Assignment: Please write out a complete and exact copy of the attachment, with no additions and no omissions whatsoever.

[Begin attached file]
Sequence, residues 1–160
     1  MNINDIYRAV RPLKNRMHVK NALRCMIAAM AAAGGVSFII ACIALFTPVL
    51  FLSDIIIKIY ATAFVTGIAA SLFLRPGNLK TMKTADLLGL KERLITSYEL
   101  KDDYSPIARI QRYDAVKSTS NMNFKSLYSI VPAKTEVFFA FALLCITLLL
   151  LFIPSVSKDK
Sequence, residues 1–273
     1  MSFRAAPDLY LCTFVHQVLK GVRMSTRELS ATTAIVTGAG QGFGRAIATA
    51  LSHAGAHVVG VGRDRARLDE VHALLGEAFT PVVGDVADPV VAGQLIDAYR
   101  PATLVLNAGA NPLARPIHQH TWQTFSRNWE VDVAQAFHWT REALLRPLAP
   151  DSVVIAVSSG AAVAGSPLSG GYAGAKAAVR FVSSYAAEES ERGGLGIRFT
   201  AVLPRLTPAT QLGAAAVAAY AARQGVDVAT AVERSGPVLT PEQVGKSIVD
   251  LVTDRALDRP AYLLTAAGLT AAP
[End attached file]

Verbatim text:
Sequence, residues 1–160
     1  MNINDIYRAV RPLKNRMHVK NALRCMIAAM AAAGGVSFII ACIALFTPVL
    51  FLSDIIIKIY ATAFVTGIAA SLFLRPGNLK TMKTADLLGL KERLITSYEL
   101  KDDYSPIARI QRYDAVKSTS NMNFKSLYSI VPAKTEVFFA FALLCITLLL
   151  LFIPSVSKDK
Sequence, residues 1–273
     1  MSFRAAPDLY LCTFVHQVLK GVRMSTRELS ATTAIVTGAG QGFGRAIATA
    51  LSHAGAHVVG VGRDRARLDE VHALLGEAFT PVVGDVADPV VAGQLIDAYR
   101  PATLVLNAGA NPLARPIHQH TWQTFSRNWE VDVAQAFHWT REALLRPLAP
   151  DSVVIAVSSG AAVAGSPLSG GYAGAKAAVR FVSSYAAEES ERGGLGIRFT
   201  AVLPRLTPAT QLGAAAVAAY AARQGVDVAT AVERSGPVLT PEQVGKSIVD
   251  LVTDRALDRP AYLLTAAGLT AAP